Aphrodite’s Tears

The timeless appeal of summer roses

By Ross Howell Jr.

June mornings I walk my dog Sam on a route that takes us by the rose garden of a house facing Fisher Park.

There’s a white trellis laden with the pink blossoms of a climbing rose. Next to the trellis, just inches beyond the white picket fence at the sidewalk, is a tea rose garden.

Standing by the picket fence, I’m about face-to-face with the tea roses. Delicate, intricate petals of red, of white, of yellow, calmly observe me. If Sam and I are early enough, there are still drops of dew on their faces.

I try not to, but I’m ogling. They’re so beautiful. So serene. So voluptuous.

And the fragrance! I breathe in the scent, smiling.

Sam looks up at me, a little doubtful as to the meaning of all this. I stand very still, and savor the fragrance again.

Is it any wonder roses have fascinated us humans for ages?

Some sources say roses have been cultivated in China as far back as the 14th century B.C. For the ancient Greeks, the rose was the symbol of Aphrodite, the goddess of love. Legend holds that she created the rose from her tears, or in some accounts, from drops of her blood when she was pricked by thorns.

And there’s history. “Around the 12th or 13th century, knights returning from the Crusades brought the rose home to Europe,” writes Kayley Hollis. By the 15th century, the white rose had come to symbolize York, and the red rose Lancaster, two factions struggling for control of England. This is the conflict historians call the War of the Roses.

“The red rose is still the emblem of England, since Lancaster won the war,” Hollis writes. “Roses were in such high demand during the 17th century that royalty considered roses or rose water as legal tender.”

Then there’s popular culture. Roses figure in every schoolboy’s love poem to a sweetheart ever written. It’s elemental in theatrical productions, major motion pictures, novels. According to, the rose is the No. 1 flower of choice for bridal bouquets and arrangements. And our very own Replacements Ltd., tells me that “rose” is used in the description of an astonishing 25,963 china patterns, 2,913 crystal patterns, and 2,493 silver patterns!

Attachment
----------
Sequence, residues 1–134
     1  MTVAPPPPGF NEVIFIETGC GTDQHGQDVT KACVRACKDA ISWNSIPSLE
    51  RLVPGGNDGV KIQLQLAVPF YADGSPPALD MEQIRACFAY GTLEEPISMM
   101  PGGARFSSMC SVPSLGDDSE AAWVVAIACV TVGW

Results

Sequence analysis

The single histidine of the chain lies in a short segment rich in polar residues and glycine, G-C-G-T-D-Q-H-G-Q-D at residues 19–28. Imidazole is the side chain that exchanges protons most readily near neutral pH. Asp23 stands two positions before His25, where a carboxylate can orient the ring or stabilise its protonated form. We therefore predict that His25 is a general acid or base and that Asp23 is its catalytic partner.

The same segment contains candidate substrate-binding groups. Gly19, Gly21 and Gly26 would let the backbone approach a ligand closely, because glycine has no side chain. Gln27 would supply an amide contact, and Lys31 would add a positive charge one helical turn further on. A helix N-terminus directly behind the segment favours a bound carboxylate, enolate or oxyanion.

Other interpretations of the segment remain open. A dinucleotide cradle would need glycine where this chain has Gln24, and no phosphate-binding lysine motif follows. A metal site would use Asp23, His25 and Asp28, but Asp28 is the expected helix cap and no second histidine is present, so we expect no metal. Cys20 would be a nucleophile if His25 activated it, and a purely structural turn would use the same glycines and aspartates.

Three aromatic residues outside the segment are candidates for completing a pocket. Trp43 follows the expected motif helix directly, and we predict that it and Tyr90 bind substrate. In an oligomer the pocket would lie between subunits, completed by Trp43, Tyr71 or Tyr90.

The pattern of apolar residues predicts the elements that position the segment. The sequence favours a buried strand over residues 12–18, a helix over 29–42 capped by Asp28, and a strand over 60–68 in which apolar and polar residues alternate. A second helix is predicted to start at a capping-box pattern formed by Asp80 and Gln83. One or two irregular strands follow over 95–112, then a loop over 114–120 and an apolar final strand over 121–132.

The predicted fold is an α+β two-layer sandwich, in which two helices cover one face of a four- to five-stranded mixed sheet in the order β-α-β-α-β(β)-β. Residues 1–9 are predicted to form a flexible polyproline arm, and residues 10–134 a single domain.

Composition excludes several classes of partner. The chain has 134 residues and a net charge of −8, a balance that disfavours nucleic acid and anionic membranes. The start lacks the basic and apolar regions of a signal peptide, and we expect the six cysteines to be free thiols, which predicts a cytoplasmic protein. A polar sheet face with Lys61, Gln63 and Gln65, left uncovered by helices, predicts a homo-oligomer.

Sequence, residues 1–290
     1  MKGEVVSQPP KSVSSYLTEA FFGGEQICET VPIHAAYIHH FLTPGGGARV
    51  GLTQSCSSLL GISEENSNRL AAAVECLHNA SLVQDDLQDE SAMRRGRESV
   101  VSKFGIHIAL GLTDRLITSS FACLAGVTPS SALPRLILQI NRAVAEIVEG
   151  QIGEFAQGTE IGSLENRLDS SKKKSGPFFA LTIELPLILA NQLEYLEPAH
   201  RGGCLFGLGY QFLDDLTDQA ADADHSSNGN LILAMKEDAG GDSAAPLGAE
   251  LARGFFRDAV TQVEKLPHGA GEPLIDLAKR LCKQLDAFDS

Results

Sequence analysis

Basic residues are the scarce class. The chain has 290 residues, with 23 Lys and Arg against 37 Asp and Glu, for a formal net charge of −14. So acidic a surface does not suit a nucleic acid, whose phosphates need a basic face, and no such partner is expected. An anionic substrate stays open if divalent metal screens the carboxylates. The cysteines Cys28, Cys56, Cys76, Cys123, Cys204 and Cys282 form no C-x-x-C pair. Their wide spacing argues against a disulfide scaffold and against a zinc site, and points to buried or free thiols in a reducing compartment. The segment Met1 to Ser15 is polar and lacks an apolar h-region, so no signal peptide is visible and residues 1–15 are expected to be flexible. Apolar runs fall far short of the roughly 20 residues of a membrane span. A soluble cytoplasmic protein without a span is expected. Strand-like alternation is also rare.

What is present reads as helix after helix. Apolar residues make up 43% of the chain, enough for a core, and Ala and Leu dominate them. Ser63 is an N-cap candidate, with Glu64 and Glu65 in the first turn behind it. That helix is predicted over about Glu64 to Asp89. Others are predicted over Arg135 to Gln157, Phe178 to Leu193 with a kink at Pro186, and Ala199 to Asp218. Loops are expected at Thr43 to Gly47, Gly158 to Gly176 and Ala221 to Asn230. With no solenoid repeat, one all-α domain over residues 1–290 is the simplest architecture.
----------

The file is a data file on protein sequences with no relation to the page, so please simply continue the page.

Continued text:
How sweet’s the smell where I stand on the sidewalk. Jane Jackson, the neighbor who owns these beauties, tells me each of the tea varieties was chosen for its fragrance. As for the pink climbing rose on the trellis, “That’s ‘New Dawn,’” she says, “and honestly, it grows like kudzu.”

I notice irrigation lines in the tea rose bed, and I’m eager to ascribe that to my own lack of success with roses.

“Oh, that,” Jackson says. “I never use it. Plants thrive on neglect, if you ask me. They develop roots better.”

I ask the usual gardener’s question about cutting away spent blossoms.

“Oh, I know I’d get more roses if I dead headed more often,” Jackson says. “But people walking by enjoy the roses so much, I leave them longer than I should.”

For that Sam and I are grateful. At least I am. Sam has noticed a squirrel in the park.  OH

Ross Howell Jr. has assured his editors he’s not nearly as odd as this essay makes him sound.

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